Yemen’s Houthi rebels have announced a halt on strikes against Saudi Arabia, adding that they expect reciprocal steps from Riyadh. The ceasefire offer comes days after a major attack on Saudi oil refineries claimed by the Houthis.
The televised announcement was made on Friday by Mahdi al-Mashat, head of the Houthi political council in Sana’a. It comes as the Saudi-led coalition launched a massive operation against “legitimate military targets” north of the port of Hodeidah, in southwestern Yemen.
READ MORE: Saudi-led coalition strikes Yemen’s Hodeidah in wake of refinery attacks claimed by Houthis
“I call on all parties from different sides of the war to engage seriously in genuine negotiations that can lead to a comprehensive national reconciliation that does not exclude anyone,” said Mashat. If the Saudis ignore the ceasefire offer and continue bombing, the group reserves its “right to respond,” he warned.
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This is not the first instance of Houthis making a ceasefire gesture to try and stop the Saudi bombing campaign – but this time they appear to have some added leverage. The offer comes just a week after a strike on oil processing facilities in Abqaiq and Khurais halved Saudi Arabian production and spiked global oil prices by nearly 20 percent.
The Houthis claimed responsibility for the strike, which demonstrated failure of Saudi Arabia’s US-made air defenses, but Riyadh and Washington chose to blame Iran for the attack instead.
READ MORE: Riyadh gave NO PROOF Tehran launched oil-plant attack – but still ‘expects US to do its dirty work for them’
No proof of Tehran’s involvement in the launch of drones and missiles has so far been provided, with Saudi Arabia only identifying the source of the attack as somewhere in the “north.” Iran has denied any involvement in the attack.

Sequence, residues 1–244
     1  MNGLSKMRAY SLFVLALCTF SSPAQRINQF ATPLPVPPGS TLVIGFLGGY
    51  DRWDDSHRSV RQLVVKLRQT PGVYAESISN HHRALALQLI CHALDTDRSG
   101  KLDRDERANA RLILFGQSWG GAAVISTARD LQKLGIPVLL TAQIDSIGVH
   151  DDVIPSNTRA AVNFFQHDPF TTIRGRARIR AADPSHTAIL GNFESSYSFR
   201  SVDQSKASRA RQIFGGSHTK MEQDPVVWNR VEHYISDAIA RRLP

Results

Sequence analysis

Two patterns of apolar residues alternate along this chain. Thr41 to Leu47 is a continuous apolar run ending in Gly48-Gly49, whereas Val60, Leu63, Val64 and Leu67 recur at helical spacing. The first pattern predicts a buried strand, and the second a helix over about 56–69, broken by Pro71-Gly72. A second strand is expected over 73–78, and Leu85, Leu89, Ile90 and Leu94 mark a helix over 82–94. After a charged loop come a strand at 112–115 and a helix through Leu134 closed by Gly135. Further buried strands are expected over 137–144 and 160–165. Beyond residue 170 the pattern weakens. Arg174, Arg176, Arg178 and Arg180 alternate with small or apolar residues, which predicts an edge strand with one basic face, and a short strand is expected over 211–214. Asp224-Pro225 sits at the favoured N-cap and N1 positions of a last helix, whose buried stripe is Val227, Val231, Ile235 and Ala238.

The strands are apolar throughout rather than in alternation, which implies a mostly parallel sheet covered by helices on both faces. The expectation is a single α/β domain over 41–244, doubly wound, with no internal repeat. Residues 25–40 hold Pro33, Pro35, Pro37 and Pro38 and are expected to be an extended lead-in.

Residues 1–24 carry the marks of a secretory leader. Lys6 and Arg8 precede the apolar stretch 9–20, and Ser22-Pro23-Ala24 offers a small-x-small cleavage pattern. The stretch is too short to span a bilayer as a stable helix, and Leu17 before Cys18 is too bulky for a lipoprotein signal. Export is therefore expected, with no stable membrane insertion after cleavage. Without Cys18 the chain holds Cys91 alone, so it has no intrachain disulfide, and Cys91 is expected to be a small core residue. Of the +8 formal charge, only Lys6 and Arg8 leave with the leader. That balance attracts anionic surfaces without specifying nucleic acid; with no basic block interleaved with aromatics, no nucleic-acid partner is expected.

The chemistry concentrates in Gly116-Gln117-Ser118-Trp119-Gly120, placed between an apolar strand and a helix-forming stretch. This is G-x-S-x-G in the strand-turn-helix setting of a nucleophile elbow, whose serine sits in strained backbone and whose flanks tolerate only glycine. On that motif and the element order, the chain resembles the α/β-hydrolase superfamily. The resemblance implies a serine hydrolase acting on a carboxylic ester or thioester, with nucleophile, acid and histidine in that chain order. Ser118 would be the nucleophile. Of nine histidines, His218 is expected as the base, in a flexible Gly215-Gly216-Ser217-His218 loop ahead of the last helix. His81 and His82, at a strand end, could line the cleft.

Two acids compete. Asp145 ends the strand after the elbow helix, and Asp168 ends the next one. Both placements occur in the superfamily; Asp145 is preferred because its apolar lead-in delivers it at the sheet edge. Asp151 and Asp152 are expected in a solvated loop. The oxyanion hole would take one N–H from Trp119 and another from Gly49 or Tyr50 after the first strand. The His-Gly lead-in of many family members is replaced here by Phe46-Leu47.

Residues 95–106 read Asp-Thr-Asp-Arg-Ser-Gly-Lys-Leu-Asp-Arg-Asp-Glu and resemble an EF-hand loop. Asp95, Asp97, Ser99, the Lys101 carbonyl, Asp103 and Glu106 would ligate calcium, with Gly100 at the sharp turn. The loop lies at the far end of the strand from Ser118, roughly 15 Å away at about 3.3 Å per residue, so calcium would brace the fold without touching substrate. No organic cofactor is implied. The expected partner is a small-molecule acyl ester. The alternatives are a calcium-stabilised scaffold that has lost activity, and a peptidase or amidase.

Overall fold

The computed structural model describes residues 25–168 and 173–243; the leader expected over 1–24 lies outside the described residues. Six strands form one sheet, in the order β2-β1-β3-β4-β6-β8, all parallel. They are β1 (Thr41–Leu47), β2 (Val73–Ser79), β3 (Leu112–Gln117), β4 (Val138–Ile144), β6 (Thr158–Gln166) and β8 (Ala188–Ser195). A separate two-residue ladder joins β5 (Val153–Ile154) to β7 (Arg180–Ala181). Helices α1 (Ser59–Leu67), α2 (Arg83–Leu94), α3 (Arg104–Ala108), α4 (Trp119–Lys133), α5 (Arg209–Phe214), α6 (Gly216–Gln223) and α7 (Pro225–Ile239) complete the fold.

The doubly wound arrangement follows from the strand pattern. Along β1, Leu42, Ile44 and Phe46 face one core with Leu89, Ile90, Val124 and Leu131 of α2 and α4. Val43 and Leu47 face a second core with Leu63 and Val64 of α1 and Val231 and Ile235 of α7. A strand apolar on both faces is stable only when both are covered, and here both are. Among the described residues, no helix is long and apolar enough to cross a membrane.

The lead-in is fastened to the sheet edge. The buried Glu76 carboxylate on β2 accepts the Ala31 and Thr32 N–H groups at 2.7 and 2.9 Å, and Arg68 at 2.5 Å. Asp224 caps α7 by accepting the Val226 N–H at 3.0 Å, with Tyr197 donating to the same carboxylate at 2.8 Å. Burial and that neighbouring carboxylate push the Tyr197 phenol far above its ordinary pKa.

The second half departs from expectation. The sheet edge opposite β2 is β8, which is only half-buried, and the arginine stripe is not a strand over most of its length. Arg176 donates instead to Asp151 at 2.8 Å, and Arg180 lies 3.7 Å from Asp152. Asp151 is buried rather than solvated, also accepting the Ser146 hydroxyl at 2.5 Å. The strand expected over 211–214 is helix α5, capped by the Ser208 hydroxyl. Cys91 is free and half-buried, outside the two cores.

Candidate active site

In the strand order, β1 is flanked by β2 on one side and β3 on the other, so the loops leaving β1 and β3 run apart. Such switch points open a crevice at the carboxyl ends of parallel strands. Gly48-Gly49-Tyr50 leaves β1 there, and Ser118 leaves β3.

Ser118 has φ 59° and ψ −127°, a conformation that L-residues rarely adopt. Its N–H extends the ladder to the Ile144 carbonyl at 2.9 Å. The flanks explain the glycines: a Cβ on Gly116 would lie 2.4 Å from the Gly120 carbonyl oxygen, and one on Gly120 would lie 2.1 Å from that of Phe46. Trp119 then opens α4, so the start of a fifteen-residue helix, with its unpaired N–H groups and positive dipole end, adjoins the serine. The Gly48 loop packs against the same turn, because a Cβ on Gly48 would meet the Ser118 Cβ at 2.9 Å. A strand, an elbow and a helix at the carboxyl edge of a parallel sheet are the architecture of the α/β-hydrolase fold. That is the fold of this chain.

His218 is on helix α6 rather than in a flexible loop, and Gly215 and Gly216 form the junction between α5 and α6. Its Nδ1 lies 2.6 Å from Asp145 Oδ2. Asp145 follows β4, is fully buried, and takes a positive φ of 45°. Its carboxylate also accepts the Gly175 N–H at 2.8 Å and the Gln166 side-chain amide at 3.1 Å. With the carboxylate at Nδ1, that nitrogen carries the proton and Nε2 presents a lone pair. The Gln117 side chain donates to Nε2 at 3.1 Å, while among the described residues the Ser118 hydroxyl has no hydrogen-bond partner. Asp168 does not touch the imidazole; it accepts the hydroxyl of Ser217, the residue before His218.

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Mahdi al-Mashat, President of the Houthi Supreme Political Council (the political wing of the Ansar Allah movement) has requested Russia for help in resolving the military conflict in Yemen. In a letter sent to President Vladimir Putin, Mahdi al-Mashat emphasised the “aggression against Yemen” and “the military escalation perpetrated by the Saudi-led coalition of Arabian states.” The main focus of the letter was on the US influence in the region, and especially in the Red Sea, and the straits leading to it. According to Ansar Allah’s Supreme Political Council, it is the USA that is responsible for the growth of the conflict. The goal of western countries is to “spread chaos in Yemen and throughout the region.” The situation in Yemen has worsened in the area around the strategically important port of Al Hudaydah, on the Red Sea. In June the Saudi-led coalition, led by Saudi Arabia, began Operation Golden Victory, the goal of which is the expulsion of Houthis from the city. The military operation was launched in spite of warnings by the UN. Mahdi al-Mashat has called the operation a “plot against Yemen.”
It is not unusual for politicians from Ansar Allah to send letters of this type. The group quite often appeals to various international bodies, especially the UN, as well as to important and influential countries. And the attack on Al Hudaydah, supported by Saudi Arabia and the UAE, and which threatened to cause a humanitarian catastrophe, was abandoned largely thanks to protests by the international community. And this is not the first time Ansar Allah has tried to initiate contacts with Russia. Representatives of the movement have been to Moscow for bilateral talks on several occasions. Some sources report that they proposed giving Russian companies access to Yemen’s oil and gas reserves in exchange for the political recognition of their government bodies as the only legitimate authority in Yemen. But the reason for the Houthis’ most recent letter is fairly clear: strategically they are in an impossible situation, as their opponents, the Saudi-led coalition, despite various reversals and difficulties, is displaying the remorseless tenacity of a bulldozer and continually cutting off the rebels’ supply lines. Two main factors are enabling Ansar Allah to survive: substantial support from Iran, and internal tribal allegiances. Neither of these are particularly reliable, and when the Saudi-led coalition is able to finally resolve the question of the blockade of northern Yemen then the unlikely alliance between the Yemeni tribal divisions and Ansar Allah will dissolve.
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